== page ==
May 7, 2018

Short films vs features

What is moyen metrage? It’s a French term for mid-length films, like a one hour tv special perhaps. Shorts we tend to think of as under 30 minutes, and features as over 80, so I think the English language needs a word for mid-length films.

Now, there’s a huge difference between shorts and features, and I call it the Hanna Barbera vs Disney test.

The old Hanna Barbera cartoons could be done on Flash or any other 2D computer program. They were almost like South Park in their simplicity, and to some, they became a byword for low quality. But, the creators were very talented, geniuses perhaps even, who ended up winning awards. It’s just, the audiences expected a lot less of a short cartoon.

Disney, on the other hand, with his features, delivered complete squash and stretch, each character drawn by hand.

Now, watch some short films. You’ll notice that there are some things you wouldn’t tolerate in a feature. Perhaps it’s the lack of angle changes. Perhaps it’s the lack of complexity in the plot.

Another difference is Wayne’s World test. Compare the feature with the short SNL skits. In the short skits, they guys never leave the couch. If you have the DVD, watch the making of for more clues.

If you want a British example, see what Richard Curtis says about Bean in “Story and Character: Interviews with British Screenwriters.” With the feature, they needed a much more complicated plot. (The show, by the way, is mid-length, so it’s still much more intricate than a seven minute short.)  A book “Writing for Television” makes the same argument about TV specials verses shorter tv shows.  The longer the show, the more plot needs you have.

And, my favourite example is when you watch the old masters of shorts turn to features. Some took to it like a duck to water, but most had a bumpy start. Laurel and Hardy’s first feature was comparatively boring, long winded.  Despite being comic geniuses, they just didn’t get the pace of a feature right.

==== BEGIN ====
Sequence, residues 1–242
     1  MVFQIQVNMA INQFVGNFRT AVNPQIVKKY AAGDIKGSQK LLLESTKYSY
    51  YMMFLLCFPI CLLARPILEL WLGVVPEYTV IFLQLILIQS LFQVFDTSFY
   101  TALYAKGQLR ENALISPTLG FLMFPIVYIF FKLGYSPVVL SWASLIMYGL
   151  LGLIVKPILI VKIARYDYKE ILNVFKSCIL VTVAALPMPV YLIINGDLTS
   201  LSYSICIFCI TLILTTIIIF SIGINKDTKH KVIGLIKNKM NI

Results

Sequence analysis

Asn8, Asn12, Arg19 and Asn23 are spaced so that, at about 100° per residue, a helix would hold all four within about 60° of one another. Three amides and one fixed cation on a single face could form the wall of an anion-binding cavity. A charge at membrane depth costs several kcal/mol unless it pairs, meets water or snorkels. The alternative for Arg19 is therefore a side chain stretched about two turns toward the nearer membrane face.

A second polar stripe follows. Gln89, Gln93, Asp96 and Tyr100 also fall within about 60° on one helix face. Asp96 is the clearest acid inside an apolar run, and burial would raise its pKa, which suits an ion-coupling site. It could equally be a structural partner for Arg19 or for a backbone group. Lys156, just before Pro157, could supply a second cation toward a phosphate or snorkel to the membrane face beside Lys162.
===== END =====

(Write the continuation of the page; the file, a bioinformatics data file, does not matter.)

Creatively, audiences expect more from a feature. If you don’t believe me, watch a music video of three girls walking down the highway, Peppa Pig, or other popular shorts, and ask yourself, would you sit through this for two hours in the cinema?

These raised expectations mean you have to do more.  Your planning, shooting, and post production schedule are longer.  So, budget wise it’s very different. A two million pound feature is now called microbudget by academics like Stephen Follows. However, if you had a short that was one fifth that length, that cost 400,000, no one would think it was low budget (unless of course, it was an advertisement.)

Another difference is that a short film might be shot in a couple days.  You can go a couple of days with very little sleep.  If it’s shot in one day, then it doesn’t matter if no one who showed up the first day can show up tomorrow.  A feature takes a least a month.  You’ll probably need time off work.  You probably want to retain the same crew and director and team for a while.  And, how many feature films have had trouble because the star died halfway through?  (Don Quixote, Plan 9 from Outer Space…)

Making a short film is like serving dinner for a party at home. Making a feature is more like running a restaurant. If it’s a one off, then it’s much easier to organise than if it’s something that has to last.

Another comparison, football. Making a short is like having a pick up football game. It doesn’t matter who comes, or which team they play on today, because you can move it around next week.  But, if you run a football team, you have to organise proper matches, and it’s much more complicated to organise.

Finally, features take up a lot more RAM.  If you’re editing digitally, you’ll need a more powerful machine with a longer film.  I don’t care how many hard drives you have, the longer films will slow down an old computer.  (Of course, it also depends on the number of effects, but remember, feature audiences have raised expectations.)

Perhaps for some crew members, a short is like a feature.  But, for the writer, actor, director, editor and producer, these are two very different animals.

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